Addressing the challenges of plasma-surface interactions in NSTX-U

Robert Kaita, Tyler Abrams, Michael Jaworski, Matthew Lucia, Jacob H. Nichols, Charles H. Skinner, Daren Stotler, Jean Paul Allain, Felipe Bedoya

Research output: Contribution to journalArticlepeer-review


The importance of conditioning plasma-facing components (PFCs) has long been recognized as a critical element in obtaining high-performance plasmas in magnetic confinement devices. Lithium coatings, for example, have been used for decades for conditioning PFCs. Since the initial studies on the Tokamak Fusion Test Reactor (TFTR), experiments on devices with different aspect ratios and magnetic geometries like the National Spherical Torus Experiment (NSTX) continue to show the relationship between the lithium PFCs and good confinement and stability. While such results are promising, their empirical nature do not reflect the detailed relationship between the PFCs and the dynamic conditions that occur in the tokamak environment. A first step developing an understanding such complexity will be taken in the upgrade to NSTX, or the National Spherical Torus Experiment-Upgrade (NSTX-U) that is nearing completion. New measurement capabilities include the materials analysis and particle probe for in situ surface analysis of samples exposed to tokamak plasmas. The onion-skin modeling for edge analysis (OEDGE) suite of codes, for example, will be used to model the underlying mechanisms for such material migration in NSTX-U. This will lead to a better understanding of how plasma-facing surfaces evolve during a shot, and how the composition of the plasma-facing surface influences the discharge performance we observe. This paper will provide an overview of these capabilities, and highlight their importance for NSTX-U plans to transition from carbon to high- {Z} PFCs.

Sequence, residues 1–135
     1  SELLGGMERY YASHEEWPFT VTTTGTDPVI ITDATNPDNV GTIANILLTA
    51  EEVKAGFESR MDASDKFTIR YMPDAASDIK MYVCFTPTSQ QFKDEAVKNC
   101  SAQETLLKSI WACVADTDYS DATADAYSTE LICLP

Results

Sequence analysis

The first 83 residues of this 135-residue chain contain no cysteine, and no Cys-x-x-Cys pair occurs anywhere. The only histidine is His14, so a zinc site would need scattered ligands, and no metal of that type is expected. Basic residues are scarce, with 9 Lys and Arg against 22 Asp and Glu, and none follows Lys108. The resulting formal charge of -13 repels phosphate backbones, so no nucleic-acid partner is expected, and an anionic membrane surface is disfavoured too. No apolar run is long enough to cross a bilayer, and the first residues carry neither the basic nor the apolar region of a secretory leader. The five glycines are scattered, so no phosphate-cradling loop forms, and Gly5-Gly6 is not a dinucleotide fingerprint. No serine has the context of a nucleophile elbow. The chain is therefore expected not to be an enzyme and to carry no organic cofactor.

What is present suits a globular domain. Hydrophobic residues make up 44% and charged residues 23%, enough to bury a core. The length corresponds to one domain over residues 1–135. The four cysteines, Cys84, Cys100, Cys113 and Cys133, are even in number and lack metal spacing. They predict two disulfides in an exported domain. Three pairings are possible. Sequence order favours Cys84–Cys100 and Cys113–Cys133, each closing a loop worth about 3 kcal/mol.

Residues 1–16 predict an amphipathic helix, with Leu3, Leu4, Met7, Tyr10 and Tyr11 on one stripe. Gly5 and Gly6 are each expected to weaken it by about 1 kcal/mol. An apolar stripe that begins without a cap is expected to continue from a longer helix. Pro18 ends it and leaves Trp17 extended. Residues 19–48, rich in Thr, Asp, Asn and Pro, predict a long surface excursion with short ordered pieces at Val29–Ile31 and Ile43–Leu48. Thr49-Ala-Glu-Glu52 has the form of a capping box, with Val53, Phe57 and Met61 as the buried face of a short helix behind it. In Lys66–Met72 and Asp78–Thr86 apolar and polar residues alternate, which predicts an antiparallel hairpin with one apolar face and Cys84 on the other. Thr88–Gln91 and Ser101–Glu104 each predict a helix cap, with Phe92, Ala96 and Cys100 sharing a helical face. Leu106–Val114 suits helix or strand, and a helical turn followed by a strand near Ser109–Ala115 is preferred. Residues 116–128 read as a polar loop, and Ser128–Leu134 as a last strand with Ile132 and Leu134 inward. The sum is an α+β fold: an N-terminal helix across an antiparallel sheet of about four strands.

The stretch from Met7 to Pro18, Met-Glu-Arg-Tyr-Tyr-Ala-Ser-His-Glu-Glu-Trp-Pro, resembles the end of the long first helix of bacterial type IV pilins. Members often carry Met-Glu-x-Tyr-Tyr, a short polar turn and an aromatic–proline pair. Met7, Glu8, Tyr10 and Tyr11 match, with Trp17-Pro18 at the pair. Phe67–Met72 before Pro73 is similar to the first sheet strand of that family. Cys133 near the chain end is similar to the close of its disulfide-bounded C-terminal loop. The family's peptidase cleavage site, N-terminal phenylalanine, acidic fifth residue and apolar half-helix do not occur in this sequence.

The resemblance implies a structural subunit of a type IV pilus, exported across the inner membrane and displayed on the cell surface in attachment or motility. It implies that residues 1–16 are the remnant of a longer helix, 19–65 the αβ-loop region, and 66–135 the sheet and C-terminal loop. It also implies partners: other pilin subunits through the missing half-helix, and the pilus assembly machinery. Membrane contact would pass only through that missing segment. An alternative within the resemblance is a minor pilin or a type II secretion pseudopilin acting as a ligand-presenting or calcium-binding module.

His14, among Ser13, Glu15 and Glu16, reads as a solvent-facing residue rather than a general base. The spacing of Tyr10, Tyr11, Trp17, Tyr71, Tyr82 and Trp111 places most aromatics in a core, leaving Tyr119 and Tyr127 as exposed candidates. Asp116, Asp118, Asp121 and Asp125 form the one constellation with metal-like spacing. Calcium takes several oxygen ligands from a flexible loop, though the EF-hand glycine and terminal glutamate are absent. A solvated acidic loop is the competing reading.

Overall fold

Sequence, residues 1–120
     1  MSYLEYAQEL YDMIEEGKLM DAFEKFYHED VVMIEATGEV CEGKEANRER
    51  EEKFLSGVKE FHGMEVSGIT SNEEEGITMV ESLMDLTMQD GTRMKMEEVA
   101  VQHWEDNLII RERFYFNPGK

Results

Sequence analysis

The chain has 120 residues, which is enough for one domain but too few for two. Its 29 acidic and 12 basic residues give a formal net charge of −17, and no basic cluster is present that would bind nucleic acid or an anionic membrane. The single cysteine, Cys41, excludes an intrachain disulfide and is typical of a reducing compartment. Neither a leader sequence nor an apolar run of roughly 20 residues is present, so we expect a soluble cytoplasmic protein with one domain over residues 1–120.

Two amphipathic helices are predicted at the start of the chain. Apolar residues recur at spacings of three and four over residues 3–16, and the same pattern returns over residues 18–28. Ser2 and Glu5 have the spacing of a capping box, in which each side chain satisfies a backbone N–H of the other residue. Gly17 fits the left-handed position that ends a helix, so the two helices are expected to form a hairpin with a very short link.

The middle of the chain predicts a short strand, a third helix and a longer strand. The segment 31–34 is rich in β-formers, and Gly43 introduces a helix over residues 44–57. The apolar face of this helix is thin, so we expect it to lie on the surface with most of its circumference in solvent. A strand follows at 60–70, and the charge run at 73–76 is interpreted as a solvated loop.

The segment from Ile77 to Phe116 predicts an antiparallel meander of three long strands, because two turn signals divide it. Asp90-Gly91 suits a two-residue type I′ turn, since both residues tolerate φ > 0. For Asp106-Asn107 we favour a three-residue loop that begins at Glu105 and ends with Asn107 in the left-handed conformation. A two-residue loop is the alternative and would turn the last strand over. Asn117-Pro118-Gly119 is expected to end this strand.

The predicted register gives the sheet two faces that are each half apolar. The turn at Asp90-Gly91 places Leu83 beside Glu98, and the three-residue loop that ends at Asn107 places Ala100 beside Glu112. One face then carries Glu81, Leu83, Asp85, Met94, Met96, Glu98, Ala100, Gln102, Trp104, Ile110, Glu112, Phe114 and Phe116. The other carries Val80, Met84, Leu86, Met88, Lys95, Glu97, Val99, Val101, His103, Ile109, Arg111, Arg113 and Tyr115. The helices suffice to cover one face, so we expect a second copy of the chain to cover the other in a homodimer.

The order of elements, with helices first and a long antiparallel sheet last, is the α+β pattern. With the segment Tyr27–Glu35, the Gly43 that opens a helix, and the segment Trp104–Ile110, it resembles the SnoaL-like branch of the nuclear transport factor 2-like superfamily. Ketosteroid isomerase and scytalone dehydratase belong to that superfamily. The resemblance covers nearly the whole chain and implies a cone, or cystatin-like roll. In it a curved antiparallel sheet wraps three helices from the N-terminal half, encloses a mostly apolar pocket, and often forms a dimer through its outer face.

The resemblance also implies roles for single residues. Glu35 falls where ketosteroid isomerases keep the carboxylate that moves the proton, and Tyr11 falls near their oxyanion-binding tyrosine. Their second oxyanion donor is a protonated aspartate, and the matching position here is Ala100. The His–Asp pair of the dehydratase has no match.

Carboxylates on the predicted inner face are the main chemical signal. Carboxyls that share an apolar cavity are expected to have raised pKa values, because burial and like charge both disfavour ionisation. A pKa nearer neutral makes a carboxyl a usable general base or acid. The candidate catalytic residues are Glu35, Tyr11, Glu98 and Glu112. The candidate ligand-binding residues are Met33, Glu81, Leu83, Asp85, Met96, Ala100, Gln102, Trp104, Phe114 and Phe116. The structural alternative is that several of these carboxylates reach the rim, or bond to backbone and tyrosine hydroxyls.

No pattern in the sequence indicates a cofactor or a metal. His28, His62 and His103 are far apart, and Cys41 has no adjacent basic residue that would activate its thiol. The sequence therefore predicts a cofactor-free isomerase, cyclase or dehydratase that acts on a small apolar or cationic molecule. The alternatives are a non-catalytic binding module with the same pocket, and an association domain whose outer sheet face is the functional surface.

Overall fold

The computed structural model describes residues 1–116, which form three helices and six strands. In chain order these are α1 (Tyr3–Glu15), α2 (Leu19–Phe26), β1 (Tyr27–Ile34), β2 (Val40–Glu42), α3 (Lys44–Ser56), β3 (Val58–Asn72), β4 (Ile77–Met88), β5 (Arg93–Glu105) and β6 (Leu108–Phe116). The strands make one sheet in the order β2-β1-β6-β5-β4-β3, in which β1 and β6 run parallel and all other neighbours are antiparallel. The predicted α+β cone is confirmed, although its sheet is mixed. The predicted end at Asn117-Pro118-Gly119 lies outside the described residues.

Original languageEnglish (US)
Article number7021917
Pages (from-to)965-971
Number of pages7
JournalIEEE Transactions on Plasma Science
Issue number4
StatePublished - Apr 1 2015
Externally publishedYes


  • Lithium
  • magnetic confinement
  • materials science and technology
  • plasma confinement.

ASJC Scopus subject areas

  • Nuclear and High Energy Physics
  • Condensed Matter Physics


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